Gov. DeSantis, Richard Corcoran argue school reopening is worth the risk

corcoran desantis
"There's never anything you do in life that is entirely risk free."

As teachers across the state begin returning to their classrooms this week, Gov. Ron DeSantis reiterated Monday the importance of reopening Florida schools.

Joined by Education Commissioner Richard Corcoran for a roundtable at Winthrop College Prep Academy in Riverview, the pair highlighted the flexibility and safety offered by public and charter schools statewide. Additionally, the two trumpeted the social and economic benefits of providing parents the option to allow their student to return to school.

“I think that’s especially true for a lot of our low income families,” DeSantis said. “You have families in Florida, they may have one single mom that has three kids in  school and she’s gotta work. There’s just no two ways about it and having an option like what they’re doing here really can mean the world to a lot of parents like that. We understand the importance the school plays for some folks throughout the state of Florida.”

The ripple effect from not providing an in-person learning option is a recurring theme for the Governor and Education Commissioner. Together, the pair maintained negative impacts from an online learning medium such as an accelerated achievement gap outweigh the risks of COVID-19.

“Some of this stuff is not debatable anymore,” DeSantis said. “The fact is in terms of the risk to school kids, this is lower risk than seasonal influenza.”

Beyond the classroom, DeSantis, a former high school and collegiate athlete himself,  doubled down on his interest in finding a way for school sports to continue.

As with online learning, he argued the point in terms of risk assessment.

“These students worked their whole lives to be able to get to this point and they shouldn’t have their seasons taken away from them,” he said. “There’s never anything you do in life that is entirely risk free.”

Statewide, COVID-19 trends continue to show improvement. On Monday, the Florida Department of Health confirmed 4,155 new cases, about half what the state reported in Sunday’s report.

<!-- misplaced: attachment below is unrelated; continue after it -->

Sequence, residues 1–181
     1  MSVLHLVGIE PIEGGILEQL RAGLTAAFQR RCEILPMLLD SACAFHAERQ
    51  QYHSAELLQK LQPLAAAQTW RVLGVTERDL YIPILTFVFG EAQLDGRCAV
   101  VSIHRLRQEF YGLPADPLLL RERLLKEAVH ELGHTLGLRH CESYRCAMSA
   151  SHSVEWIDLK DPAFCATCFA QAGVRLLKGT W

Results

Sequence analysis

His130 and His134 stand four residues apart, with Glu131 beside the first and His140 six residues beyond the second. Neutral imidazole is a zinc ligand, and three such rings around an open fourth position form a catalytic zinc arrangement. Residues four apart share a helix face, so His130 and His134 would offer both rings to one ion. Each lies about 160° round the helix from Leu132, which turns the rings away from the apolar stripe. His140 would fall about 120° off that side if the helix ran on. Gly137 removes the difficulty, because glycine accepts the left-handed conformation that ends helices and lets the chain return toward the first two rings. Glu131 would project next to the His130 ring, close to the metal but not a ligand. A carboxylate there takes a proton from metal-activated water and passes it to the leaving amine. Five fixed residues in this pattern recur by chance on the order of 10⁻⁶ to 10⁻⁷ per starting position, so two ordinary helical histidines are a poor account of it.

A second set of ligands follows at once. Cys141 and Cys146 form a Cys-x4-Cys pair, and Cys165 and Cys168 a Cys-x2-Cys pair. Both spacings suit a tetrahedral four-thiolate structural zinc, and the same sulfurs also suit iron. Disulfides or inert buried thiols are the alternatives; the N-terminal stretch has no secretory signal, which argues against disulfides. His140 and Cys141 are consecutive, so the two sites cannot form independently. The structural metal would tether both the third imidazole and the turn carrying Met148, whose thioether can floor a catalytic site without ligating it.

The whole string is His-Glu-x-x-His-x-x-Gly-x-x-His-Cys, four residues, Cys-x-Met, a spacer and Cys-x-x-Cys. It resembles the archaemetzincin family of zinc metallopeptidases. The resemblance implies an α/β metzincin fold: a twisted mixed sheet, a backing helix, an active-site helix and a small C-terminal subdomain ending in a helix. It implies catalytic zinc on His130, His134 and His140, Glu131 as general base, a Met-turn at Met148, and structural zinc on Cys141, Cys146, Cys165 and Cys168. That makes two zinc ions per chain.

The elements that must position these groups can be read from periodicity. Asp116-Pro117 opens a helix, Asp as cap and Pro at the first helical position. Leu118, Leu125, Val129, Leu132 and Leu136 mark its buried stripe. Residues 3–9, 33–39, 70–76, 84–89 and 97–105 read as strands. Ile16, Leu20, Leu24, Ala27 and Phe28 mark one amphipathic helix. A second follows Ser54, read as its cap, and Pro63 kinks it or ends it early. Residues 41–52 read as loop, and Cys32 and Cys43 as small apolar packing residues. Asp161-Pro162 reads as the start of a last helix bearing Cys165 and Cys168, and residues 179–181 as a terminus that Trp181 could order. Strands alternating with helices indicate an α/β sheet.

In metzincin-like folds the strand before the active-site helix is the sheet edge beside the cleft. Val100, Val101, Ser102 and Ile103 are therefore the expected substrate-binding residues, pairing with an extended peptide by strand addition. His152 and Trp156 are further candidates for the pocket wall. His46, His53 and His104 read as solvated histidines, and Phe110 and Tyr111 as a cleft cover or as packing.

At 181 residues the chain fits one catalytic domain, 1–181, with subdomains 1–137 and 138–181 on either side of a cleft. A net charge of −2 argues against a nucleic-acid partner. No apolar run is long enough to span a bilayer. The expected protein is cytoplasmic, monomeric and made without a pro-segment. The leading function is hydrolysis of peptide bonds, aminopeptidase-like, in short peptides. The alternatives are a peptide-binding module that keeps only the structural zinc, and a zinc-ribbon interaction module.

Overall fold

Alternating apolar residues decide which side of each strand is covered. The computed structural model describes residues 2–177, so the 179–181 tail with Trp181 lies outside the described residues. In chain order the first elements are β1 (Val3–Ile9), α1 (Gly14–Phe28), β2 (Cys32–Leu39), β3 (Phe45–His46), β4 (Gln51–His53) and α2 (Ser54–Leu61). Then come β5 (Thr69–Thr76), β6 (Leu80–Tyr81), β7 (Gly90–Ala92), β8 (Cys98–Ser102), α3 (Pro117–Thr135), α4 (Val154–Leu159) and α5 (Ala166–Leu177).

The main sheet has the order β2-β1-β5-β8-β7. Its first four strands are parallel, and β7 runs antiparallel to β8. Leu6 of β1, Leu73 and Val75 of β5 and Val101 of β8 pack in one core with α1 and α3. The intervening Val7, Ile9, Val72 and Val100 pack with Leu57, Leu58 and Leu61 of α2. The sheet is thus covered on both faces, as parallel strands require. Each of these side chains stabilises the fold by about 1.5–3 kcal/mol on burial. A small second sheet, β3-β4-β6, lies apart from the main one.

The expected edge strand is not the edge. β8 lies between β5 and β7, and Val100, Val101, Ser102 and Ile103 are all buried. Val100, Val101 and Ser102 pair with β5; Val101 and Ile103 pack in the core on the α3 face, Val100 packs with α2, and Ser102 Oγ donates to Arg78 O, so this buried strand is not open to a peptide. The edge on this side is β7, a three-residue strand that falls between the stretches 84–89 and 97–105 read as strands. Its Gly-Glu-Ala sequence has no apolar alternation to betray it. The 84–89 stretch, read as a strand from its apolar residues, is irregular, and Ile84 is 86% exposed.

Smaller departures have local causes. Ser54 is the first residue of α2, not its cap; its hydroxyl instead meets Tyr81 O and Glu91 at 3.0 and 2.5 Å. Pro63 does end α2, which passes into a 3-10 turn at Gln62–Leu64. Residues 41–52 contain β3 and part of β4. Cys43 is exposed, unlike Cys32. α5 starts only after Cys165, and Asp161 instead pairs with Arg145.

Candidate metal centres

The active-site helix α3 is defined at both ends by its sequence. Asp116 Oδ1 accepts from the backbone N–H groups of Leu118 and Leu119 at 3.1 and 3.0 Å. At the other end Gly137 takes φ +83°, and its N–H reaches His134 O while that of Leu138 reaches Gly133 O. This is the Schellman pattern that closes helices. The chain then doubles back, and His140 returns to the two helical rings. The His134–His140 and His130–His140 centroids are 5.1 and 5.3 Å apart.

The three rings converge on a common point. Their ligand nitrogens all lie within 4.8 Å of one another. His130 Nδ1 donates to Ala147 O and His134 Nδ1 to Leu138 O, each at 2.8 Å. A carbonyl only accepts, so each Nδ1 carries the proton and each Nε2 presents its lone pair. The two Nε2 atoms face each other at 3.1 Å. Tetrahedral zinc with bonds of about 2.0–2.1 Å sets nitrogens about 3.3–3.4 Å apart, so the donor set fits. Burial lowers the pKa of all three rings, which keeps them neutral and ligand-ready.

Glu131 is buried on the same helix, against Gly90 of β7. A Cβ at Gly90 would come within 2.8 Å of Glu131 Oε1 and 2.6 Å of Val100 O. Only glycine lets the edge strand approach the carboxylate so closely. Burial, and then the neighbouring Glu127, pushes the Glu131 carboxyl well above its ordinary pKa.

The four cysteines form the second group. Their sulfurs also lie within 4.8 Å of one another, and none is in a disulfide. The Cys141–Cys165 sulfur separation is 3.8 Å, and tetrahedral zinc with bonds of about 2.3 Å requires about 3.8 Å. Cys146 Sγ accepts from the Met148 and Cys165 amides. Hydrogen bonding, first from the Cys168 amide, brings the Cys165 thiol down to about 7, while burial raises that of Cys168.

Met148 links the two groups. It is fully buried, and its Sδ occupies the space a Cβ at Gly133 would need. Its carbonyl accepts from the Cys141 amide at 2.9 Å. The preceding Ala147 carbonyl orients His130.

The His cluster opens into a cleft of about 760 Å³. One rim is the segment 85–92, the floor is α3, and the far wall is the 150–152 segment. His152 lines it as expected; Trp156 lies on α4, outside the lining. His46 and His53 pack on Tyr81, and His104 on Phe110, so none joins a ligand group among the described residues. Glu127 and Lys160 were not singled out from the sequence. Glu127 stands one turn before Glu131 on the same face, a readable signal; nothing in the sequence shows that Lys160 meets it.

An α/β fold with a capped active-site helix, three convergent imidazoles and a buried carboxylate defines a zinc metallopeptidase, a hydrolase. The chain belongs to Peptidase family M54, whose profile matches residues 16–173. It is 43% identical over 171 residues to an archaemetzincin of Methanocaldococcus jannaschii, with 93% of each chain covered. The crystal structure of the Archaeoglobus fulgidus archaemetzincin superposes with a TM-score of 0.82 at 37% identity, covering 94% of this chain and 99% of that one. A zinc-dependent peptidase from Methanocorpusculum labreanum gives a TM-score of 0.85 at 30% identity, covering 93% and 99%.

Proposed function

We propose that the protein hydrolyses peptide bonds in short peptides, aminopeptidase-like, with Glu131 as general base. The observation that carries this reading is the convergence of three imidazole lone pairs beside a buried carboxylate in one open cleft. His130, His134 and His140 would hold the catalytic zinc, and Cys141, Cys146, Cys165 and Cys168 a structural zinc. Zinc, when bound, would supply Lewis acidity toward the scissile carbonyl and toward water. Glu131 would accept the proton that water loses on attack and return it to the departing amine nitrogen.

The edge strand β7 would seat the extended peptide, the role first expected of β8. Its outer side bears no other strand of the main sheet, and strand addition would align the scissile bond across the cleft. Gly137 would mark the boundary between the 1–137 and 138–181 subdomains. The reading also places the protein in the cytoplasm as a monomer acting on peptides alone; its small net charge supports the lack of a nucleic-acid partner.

Notably, there have been 39,735 COVID-19 cases among kids under 18 since the pandemic’s onset. Of those cases, 36% have been among high-school-age kids 14-17, 26% among elementary-school-age kids 5-10 years old and 17% in middle school ages 11-13. Kids in daycare and pre-k, those ages 1-4, represent 16% of all pediatric cases.

Meanwhile, Corcoran pointed out that even in Miami-Dade, where cases are notably higher than most of the state, some schools intend to open face-to-face instruction for children with “unique abilities.”

“They recognize that there’s no way you can provide those services any other way effectively,” he said. “The consequences of not being face-to-face, of not offering those therapies to those students is so much more damaging than any minimal risk to COVID.”

Schools and related extracurricular activities have been shut down in Florida since mid-March as COVID-19 began to spread across the state.

Jason Delgado

Jason Delgado covers news out of the Florida State Capitol. After a go with the U.S. Army, the Orlando-native attended the University of Central Florida and earned a degree in American Policy and National Security. His past bylines include WMFE-NPR and POLITICO Florida. He'd love to hear from you. You can reach Jason by email ([email protected]) or on Twitter at @byJasonDelgado.


  • Ward Posey

    August 10, 2020 at 2:21 pm

    Should any kids or teachers, or school personnel die from COVID-19 contracted at reopening, these guys should be tried for murder and if guilty strapped to the gurney and sent to never never land.

  • Sonja Fitch

    August 11, 2020 at 3:29 pm

    I second the motion Mr Posey! Gross negligence!

  • Joe Fatala

    August 12, 2020 at 6:09 pm

    ““There’s never anything you do in life that is entirely risk free. Besides it’s not my kids that are going to die so I don’t care.”

    What a guy!!!!!!!!!!

Comments are closed.


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